Fake plates cost New York City $108m in lost fines

An audit report published by New York City Comptroller Brad Lander reports that the city missed out on $108m in speed camera tickets from people with fake plates (or obscured ones) on their vehicles. More important, such speeders were allowed to roam the city with impunity, creating risk for other drivers and pedestrians. Link to article by Charles Lane in Gothamist here.

According to Lander's report, 22% of cars caught speeding by the city's automated cameras were rejected as unbillable in the first half of 2023 because their plates were unreadable. The majority of those had so-called ghost plates, or temporary license plates printed off the internet. The next most common reason speeding cars were deemed unbillable was because their license plates were defaced or covered up, the audit found.

People aren't just covering their plates with phony plates or obscuring their plates to avoid speeding fines. They're also doing so to avoid tolls. The Port Authority has begun arresting such license plate cheats.

On Friday, the agency arrested Lequincy Anderson, a BMW driver who allegedly had a mechanical cover that he could lower while passing beneath toll gantries. He was charged with theft, tampering with a government document and possession of burglar's tools for evading 292 tolls amounting to nearly $20,000.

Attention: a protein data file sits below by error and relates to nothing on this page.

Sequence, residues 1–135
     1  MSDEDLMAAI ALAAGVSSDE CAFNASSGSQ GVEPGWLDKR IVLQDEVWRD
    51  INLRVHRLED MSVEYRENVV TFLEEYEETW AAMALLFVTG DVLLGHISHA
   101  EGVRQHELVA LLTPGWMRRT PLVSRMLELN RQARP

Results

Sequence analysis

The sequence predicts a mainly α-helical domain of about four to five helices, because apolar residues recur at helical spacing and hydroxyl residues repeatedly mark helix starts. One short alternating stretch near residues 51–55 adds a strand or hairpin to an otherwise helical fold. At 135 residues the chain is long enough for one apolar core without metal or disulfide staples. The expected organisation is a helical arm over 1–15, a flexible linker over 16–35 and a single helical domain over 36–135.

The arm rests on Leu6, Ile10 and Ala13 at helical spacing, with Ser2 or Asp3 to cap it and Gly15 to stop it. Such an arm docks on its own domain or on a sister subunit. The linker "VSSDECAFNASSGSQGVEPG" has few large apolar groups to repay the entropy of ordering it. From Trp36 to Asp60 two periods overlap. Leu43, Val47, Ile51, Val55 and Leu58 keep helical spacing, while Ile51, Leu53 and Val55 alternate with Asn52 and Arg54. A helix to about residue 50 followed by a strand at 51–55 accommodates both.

The city and state are working on instituting new enforcement plans to deal with the fake plates problem.

Gov. Kathy Hocul … included efforts to crack down on bad license plates in her proposed budget last week. She pitched a new state law that would allow the DMV to increase fines and even deny car registration from drivers with illegal or obscured plates.

"Not that long ago, no one would have thought it's okay to drive around with a phony license plate," Lander said. "We just got to get back to that. If you're going to drive a vehicle in New York City, you got to have your legal license plate on it."

In December, the city's Metropolitan Transportation Authority seized dozens of cars tied to unpaid tolls and fines totaling almost $1m. At the time, MTA authorities sent a message to license plate cheats:

"Our message today is simple. If you cover your license plate, even with a clear case, or use fraudulent plates … you will pay the price," said [MTA Chair Janno] Lieber. "If you're a repeat offender, your car is going to be seized, and you could get arrested if you have forged plates." 

"You can't put anything on your plate, not a piece of Scotch tape, not a piece of clear Saran wrap. Any blockage of your plate in New York state at any point is illegal, front or back," said [Richard Hildebrand, vice president and chief of operations for MTA Bridges and Tunnels]